The Jagiellonian University is the oldest institution of higher education in Poland. It was founded in 1364 by the King Casimir the Great (1310-1370), based on the Pope`s Urban V will (1362-1370). Renovated in 1400, it is still functioning to this day. Throughout the centuries many artefacts linked with its activity ware preserved, among them are scientific instruments presented in the Jagiellonian University Museum. Only a small percentage of objects, especially among the oldest survived; for example, among 17 instruments left by Matthias de Miechow (1457-1523) none was preserved. Among 36 items on the list of some 50 instruments of legacy from Joannes Broscius (1585-1652) only three are safeguarded today. One of them is the mechanical armillary sphere known from 1900 as the Jagiellonian Globe.
The Globe, a mechanical armillary sphere
The object is an early mechanical armillary sphere (13 cm in diameter), made in France before 1510. The sphere consists of the rings representing coordinate systems: ecliptic, equatorial and horizontal. It is made of brass and of hammered copper plate, the whole object is gilded. All this is an astronomical instrument which can be used as universal clock (showing local solar time and sidereal time), and as a Julian calendar. Its clock mechanism is contained inside the central brass sphere on the surface of which a map of Earth is engraved.
The globe map
Jagiellonian Globe is a wonderful historical treasure of 16th century cartography: the map of Earth is dated for 1510-11. The time of its origin and the display of continents correspond to the globe of Hunt-Lenox (ca 1510), preserved in New York Public Library. Most probably both of these globes had their origin in the world map from Cosmographiae introductio (Saint-Die, 1507) which formed an introduction to Geography by Ptolomy (ca 100-168) on it the name America appeared for the first time. The author of this edition was either Martin Waldseemüller (1470-1520) or Mattias Ringmann (1482-1511), or both: to it were joined letters of Amerigo Vespucci (1451-1512) and a globe.
It is the oldest globe with the name of America. America noviter reperta (Newly discovered America) is situated on a continent-island in the eastern part of southern-hemisphere. The base for drawing the continents and their topographic details is made of geographic coordinate system, while the map is presented with surprising precision, though the globe is only 7,5 cm in diameter.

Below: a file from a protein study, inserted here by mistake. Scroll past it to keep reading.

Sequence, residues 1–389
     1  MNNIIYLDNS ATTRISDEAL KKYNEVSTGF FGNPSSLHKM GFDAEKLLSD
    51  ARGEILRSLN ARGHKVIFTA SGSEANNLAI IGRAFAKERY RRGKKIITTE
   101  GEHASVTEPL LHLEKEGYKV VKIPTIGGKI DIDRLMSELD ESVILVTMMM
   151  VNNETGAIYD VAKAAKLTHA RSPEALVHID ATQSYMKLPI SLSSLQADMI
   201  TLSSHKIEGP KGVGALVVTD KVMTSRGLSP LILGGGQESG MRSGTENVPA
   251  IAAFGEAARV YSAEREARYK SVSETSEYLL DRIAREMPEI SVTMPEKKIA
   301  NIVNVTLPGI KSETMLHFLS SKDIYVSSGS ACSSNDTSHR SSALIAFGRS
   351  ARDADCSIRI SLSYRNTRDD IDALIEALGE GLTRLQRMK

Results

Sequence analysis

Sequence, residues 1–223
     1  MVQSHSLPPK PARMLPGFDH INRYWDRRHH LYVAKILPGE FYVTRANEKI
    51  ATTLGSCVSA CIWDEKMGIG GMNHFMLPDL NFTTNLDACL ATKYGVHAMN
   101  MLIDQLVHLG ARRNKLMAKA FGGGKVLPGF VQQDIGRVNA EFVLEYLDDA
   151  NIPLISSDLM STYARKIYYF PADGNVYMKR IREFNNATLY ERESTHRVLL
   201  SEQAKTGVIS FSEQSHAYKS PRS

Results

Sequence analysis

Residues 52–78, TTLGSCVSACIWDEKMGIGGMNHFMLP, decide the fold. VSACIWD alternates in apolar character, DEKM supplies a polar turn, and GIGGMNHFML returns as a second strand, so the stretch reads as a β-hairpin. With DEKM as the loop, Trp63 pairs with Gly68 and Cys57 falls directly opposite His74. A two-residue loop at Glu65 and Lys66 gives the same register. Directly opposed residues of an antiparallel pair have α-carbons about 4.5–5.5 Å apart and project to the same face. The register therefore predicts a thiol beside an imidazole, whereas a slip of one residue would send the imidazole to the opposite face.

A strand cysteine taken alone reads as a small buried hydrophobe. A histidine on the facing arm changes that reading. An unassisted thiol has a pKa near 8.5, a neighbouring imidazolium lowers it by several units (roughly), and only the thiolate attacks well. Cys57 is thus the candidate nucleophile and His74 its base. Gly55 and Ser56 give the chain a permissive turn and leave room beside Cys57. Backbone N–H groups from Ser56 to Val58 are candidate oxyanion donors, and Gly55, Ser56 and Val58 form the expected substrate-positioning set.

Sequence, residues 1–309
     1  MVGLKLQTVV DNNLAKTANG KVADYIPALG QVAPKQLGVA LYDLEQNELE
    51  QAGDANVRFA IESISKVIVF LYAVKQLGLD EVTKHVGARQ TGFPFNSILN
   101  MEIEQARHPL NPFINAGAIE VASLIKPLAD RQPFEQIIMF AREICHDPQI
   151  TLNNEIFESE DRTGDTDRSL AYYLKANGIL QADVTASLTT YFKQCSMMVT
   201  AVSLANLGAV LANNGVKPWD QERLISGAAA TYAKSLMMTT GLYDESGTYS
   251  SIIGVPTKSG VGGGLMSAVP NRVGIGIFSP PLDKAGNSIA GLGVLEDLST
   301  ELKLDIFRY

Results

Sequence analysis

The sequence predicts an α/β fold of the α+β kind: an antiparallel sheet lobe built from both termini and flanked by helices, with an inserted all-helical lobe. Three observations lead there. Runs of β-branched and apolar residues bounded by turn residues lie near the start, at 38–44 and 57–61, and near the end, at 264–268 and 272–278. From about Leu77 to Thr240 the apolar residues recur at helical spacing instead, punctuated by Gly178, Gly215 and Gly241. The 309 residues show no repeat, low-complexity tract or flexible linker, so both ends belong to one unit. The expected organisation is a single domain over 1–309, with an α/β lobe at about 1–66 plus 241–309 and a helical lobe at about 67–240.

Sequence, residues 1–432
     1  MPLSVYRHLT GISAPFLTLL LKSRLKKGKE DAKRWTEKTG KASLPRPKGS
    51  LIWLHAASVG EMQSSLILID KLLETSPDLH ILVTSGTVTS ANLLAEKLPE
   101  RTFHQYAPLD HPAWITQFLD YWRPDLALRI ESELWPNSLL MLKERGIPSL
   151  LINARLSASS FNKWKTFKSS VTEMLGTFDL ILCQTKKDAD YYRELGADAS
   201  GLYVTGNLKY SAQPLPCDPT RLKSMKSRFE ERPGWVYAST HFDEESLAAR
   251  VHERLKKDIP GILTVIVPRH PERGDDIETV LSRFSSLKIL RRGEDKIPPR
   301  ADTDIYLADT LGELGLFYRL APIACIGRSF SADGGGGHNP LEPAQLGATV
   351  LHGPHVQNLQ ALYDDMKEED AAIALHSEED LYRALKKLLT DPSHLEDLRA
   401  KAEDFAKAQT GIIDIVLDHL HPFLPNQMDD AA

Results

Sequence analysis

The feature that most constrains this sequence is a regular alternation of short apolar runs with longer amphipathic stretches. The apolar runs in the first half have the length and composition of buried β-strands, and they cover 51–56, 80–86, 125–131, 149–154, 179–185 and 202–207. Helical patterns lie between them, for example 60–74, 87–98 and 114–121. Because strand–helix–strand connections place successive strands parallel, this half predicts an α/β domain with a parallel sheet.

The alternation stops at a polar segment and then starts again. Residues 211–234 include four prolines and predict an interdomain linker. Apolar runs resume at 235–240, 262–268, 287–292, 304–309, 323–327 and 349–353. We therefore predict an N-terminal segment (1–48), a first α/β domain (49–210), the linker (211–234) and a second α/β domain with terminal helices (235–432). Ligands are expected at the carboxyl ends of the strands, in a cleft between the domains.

Unfortunately, the globe is anonymous although, according to the opinion of Bożena Modelska-Strzelecka (1974), it can be linked with Florentine cartographer Francesco Rosselli (1445-before 1513). Modelska-Strzelecka based her conclusion on the technique of map fabrication, as well on the way the topographic details are represented. She took into consideration three maps: planispheric Contarini-Rosselli (Padua 1506; British Library, London), oval mappamondo (1508, Biblioteca Nazionale Centrale, Florence) and Carta da Navigare (before 1506, National Maritime Museum, London).
The origin of the Globe
This Globe belonged to Joannes Broscius, mathematician, geometer, astronomer from Kraków, who studied in Padua (1620-1623). Maybe he bought it while his stay in Italy, but the details about it are very scarce, only few documents.
At the beginning, the Globe was suspended on the top little ring. In 18th century the clock mechanism was modernized by introduction of balance wheel with hair (after 2nd half of 17th century). This is why ever since, the Globe is mounted on the tripod stand.
This exceptional instrument of Franco-Italian origin is an important academic treasure. Astronomy, horology and cartography are illustrated in this monument of technical expertise. It is also a beautiful object of art and shows a high-level metal craftsmanship.
During World War II, it was hidden from Germans by University staff and saved from certain relocation to Germany.